In 8th grade, still at St. Theresa, Len was surreptitiously recruited by the St. Theresa High School (a 2-year school) basketball team that was lacking both bodies and talent. Thus Len became what he liked to think of as probably one of the few state athletes to play five years of high school basketball. This became possible because Theresa High School folded as Len was about to become a freshman and his class moved on to nearby Mayville High School. At Mayville, he played four years of football, basketball, and baseball, which required hitch-hiking the six miles home after practice each day. Meanwhile, he continued writing, largely for his own satisfaction and was proud to write the dedication for his senior class yearbook. He also continued playing baseball for the Theresa and Mayville American Legion teams as well as the Theresa Pioneer Brews amateur team.


In 1954, Len enrolled at St. Norbert College, where he surrendered what he discovered were his lean football and basketball talents. And since St. Norbert did not have a baseball team at the time, he found summer playing time with the Oneida Missions and the De Pere team in the Northeastern Wisconsin League, and he turned to writing for the St. Norbert Times as a freshman, catching the eye of the college’s Public Relations Director, Jack Yuenger, who became his mentor. When Yuenger left the position, Len, prior to his senior year, was hired as Director of the newly-named St. Norbert News Bureau.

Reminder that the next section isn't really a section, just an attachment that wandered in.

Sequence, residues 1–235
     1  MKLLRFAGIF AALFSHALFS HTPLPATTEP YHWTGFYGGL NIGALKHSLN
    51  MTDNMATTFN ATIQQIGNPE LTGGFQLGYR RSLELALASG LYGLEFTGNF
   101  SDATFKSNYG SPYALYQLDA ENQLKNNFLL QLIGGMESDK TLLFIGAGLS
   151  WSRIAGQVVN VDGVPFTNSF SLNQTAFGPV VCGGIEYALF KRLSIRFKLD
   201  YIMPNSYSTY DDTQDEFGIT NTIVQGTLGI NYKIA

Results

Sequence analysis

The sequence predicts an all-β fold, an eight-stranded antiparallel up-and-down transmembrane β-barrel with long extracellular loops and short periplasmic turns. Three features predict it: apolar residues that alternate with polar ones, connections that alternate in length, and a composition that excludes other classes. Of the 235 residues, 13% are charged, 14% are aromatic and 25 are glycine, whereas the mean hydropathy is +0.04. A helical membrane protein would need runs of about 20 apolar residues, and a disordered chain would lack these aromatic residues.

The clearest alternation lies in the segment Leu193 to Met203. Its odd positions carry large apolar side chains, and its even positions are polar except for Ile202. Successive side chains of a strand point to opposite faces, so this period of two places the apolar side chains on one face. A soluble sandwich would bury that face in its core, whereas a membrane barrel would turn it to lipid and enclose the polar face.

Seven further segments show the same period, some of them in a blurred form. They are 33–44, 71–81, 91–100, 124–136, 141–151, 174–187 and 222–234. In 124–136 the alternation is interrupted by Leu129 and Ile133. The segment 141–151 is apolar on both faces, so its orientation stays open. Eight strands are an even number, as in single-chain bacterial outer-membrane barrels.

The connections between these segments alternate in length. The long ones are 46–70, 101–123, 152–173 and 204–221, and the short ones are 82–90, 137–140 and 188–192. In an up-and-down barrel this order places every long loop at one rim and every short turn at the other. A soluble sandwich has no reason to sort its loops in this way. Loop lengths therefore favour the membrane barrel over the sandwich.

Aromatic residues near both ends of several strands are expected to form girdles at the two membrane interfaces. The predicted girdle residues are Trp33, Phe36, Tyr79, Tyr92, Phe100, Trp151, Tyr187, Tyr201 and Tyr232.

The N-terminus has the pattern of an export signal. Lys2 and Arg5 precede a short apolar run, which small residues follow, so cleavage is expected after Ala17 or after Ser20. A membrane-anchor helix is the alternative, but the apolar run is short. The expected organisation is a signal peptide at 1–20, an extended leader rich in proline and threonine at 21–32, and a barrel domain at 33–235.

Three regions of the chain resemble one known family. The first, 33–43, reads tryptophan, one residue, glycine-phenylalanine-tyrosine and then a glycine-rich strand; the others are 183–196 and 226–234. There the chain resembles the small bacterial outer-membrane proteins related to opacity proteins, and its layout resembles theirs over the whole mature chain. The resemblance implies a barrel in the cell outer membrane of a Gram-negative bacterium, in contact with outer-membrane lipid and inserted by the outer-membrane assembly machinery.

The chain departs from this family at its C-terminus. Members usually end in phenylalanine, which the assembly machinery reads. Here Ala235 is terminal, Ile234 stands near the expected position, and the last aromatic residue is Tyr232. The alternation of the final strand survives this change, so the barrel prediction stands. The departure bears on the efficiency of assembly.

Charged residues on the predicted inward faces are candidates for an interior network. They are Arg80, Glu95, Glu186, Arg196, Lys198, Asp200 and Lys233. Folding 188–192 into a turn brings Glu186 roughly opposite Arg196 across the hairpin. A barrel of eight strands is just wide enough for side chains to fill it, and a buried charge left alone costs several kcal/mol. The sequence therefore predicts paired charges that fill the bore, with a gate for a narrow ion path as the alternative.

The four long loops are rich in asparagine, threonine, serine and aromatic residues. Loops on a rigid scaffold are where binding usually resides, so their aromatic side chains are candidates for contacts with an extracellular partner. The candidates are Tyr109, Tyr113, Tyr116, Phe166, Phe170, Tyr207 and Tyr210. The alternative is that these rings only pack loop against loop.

It was an eventful senior year, leading to a degree in history with the intention of teaching and coaching. Instead, his career took a turn as, in addition to his News Bureau duties, he also worked part-time for the Green Bay Press-Gazette and its radio station WJPG. But the major occasion was his marriage to Agnes on August 17th, 1957, in St. Willibrord Church in Green Bay.


In those early and mid-50s, St. Norbert was just growing from an all men’s school to a coed school and the women’s population was somewhat sparse, inspiring the school to put out invitations for young single women in Green Bay and surrounding area to meet real college men at the weekly Friday night dances at the college. Agnes and some of her friends responded and she met Len. Shortly thereafter love bloomed, despite their children eventually wondering how that happened since they never did seem to find much in common. Ah, but love inevitably finds a way, and Len often expressed his deep love for Agnes and his appreciation for the way she managed seven kids while he was spending many nights and weekends working.